Breathing -

When was the last time you paid attention to your breath? Do you find yourself holding your breath a lot? I urge anyone to take a canoe out onto a mountain lake, alone, and just breathe! Breathe nice, easy, deep breaths for like an hour and you will be in a considerably better mood. It’s not a secret, your body needs oxygen to survive and function well. Your muscles function will improve, your thought processing ability will improve and you will feel more energized. The biggest thing that breath gives us is life. Pretty important to be well!

Listening - 

Being a guide requires a lot of talking. Safety talks, check in talks, paddle talks, paddle commands, and just being a tour guide. How often do we stop and listen? I try to always find one quiet moment on a trip where I can just pay attention to the sounds around me. The river makes this incredibly healing sound that sounds like music if you really stop and listen. The wind, trees, birds, insects, sky, and rain are some examples of natural noises that are too often drowned out by vehicles, air planes and other man made inventions. Taking time to listen can also be a good time to give yourself some alone time. I think a lot of people are afraid of being alone, but being comfortable alone and the ability to listen well is another superpower that not many people have. Stop, and take a second and listen!

Going to Work Scared.

Oftentimes during the run off season, commercial raft guides are constantly stressed about work. On and off the water. Envisioning how this afternoon’s or tomorrow's trip is going to go. It’s not unheard of for people to even lose sleep. This can cause people to over partake in consuming adult beverages to feel at ease, which only intensifies these feelings later. Be sure to try to take care of yourself extra during these high stress situations. It will make you function at a higher level and improve your odds for successful situations.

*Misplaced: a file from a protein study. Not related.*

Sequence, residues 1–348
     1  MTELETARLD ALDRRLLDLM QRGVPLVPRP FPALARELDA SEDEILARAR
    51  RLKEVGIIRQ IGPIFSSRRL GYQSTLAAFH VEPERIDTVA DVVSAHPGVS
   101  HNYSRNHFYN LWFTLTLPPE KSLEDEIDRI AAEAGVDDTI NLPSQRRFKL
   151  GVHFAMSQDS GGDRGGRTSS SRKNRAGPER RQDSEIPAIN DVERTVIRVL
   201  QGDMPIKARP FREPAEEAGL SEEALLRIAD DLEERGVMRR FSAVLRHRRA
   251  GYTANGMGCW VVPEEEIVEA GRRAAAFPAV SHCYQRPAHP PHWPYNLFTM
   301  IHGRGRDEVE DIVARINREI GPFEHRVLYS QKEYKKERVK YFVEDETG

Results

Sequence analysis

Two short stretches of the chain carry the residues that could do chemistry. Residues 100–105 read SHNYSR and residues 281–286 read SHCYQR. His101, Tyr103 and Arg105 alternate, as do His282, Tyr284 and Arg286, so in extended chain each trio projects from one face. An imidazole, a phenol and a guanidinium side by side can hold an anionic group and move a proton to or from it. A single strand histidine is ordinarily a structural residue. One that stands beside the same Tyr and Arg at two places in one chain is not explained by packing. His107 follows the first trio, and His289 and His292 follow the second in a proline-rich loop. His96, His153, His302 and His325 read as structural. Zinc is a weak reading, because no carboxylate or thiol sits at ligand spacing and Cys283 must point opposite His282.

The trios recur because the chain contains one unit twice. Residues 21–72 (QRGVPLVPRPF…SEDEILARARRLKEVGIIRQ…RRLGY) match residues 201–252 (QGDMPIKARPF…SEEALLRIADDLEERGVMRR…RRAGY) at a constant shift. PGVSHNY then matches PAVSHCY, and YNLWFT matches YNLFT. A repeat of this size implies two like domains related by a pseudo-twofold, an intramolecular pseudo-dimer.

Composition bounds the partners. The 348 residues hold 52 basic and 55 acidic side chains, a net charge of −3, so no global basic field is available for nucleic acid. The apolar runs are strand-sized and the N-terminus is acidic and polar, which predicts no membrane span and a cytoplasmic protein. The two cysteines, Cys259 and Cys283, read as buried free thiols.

There are two options for your fears. Face them, or draw a line. At some point in anything there is a line to be drawn or you will face death. Very few people out there like to push things to that limit, and if that is their personal limit and they have made that choice and are okay with it, then that is okay. Most of us have a limit long before that. Beginners will have a much shorter limit. It’s best to continually push just beyond your limit and over time you will grow your limit.  This is called taking calculated risks and facing your fears. Jumping in way over your head is something not everyone can do. You need to find your own limit and know when to say no. It’s okay to say no! But… 


Rafting in the royal gorge in colorado with river station gear.

Facing Inner Fears.  

If you think you are capable of doing something within your limits and don’t because you're too afraid, that’s wrong. Not saying you should do things outside of your limits or even necessarily push your limits. I’m saying if you think you can do something, you should face your fears and at least try. The worst case scenario that you play in your head is 10 times worse than what is probably going to happen in reality. It can be tough to commit when afraid, but extremely satisfying when you succeed. Amelia Earhart once said The fears are paper tigers.” and she’s totally right in most cases. Fear is a necessary part of life that keeps you safe. But when they can be overcome, you will grow tremendously. 

A Decision Best Left Up to YOU!

At the end of the day how big you want to go is up to YOU! Not your boss, your friends, or the pressure from what society thinks you should do. We don’t have much control of the external world but you should have control of your own decisions. Don’t put yourself in a situation that is super dangerous when you are not ready for it, but also find a way to get outside your comfort zone and grow. Find a good balance to this equation and you will live a really rewarding life! Until next time… SYOTR

By: Jason Caligaris Jr. 

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Hala SUP paddleboard 

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Thanks for the comment Fox. Glad someone out there enjoyed this one! I will definitely write more like this in the future.

The Author

Hey, I really enjoyed this article! I think it provides impactful insight to things (as raft guides and boaters) can struggle with. I would love to see more like this. Might I suggest some tips or guidance about how to recover from a bad swim? A fellow boater I know took an extremely bad swim on a class V river at high water and they have struggled to have a similar confidence as they did before swimming. I would love to hear about how you can progress to work over/through that sort of fear that comes and lingers. Great article, I really appreciate it!

Fox Faunce